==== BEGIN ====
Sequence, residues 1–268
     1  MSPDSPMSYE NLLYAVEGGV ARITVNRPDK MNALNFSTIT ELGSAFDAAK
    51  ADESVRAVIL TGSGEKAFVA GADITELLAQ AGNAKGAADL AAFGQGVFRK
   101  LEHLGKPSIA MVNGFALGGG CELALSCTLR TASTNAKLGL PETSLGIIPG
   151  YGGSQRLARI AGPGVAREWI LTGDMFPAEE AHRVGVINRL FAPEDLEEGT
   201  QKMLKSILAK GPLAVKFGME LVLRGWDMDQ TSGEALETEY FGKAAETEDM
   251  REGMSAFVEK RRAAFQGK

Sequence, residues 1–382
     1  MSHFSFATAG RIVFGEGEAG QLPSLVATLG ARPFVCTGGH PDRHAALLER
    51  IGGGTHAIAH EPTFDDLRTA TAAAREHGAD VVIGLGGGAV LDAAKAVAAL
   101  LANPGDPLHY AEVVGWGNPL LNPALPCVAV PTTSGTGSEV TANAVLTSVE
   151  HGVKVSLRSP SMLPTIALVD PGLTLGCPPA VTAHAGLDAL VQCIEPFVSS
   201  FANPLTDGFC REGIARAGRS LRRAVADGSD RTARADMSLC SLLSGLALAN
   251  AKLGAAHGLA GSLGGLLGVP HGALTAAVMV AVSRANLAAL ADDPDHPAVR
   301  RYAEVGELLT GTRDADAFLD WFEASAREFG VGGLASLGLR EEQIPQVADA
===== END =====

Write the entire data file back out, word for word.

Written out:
Sequence, residues 1–268
     1  MSPDSPMSYE NLLYAVEGGV ARITVNRPDK MNALNFSTIT ELGSAFDAAK
    51  ADESVRAVIL TGSGEKAFVA GADITELLAQ AGNAKGAADL AAFGQGVFRK
   101  LEHLGKPSIA MVNGFALGGG CELALSCTLR TASTNAKLGL PETSLGIIPG
   151  YGGSQRLARI AGPGVAREWI LTGDMFPAEE AHRVGVINRL FAPEDLEEGT
   201  QKMLKSILAK GPLAVKFGME LVLRGWDMDQ TSGEALETEY FGKAAETEDM
   251  REGMSAFVEK RRAAFQGK

Sequence, residues 1–382
     1  MSHFSFATAG RIVFGEGEAG QLPSLVATLG ARPFVCTGGH PDRHAALLER
    51  IGGGTHAIAH EPTFDDLRTA TAAAREHGAD VVIGLGGGAV LDAAKAVAAL
   101  LANPGDPLHY AEVVGWGNPL LNPALPCVAV PTTSGTGSEV TANAVLTSVE
   151  HGVKVSLRSP SMLPTIALVD PGLTLGCPPA VTAHAGLDAL VQCIEPFVSS
   201  FANPLTDGFC REGIARAGRS LRRAVADGSD RTARADMSLC SLLSGLALAN
   251  AKLGAAHGLA GSLGGLLGVP HGALTAAVMV AVSRANLAAL ADDPDHPAVR
   301  RYAEVGELLT GTRDADAFLD WFEASAREFG VGGLASLGLR EEQIPQVADA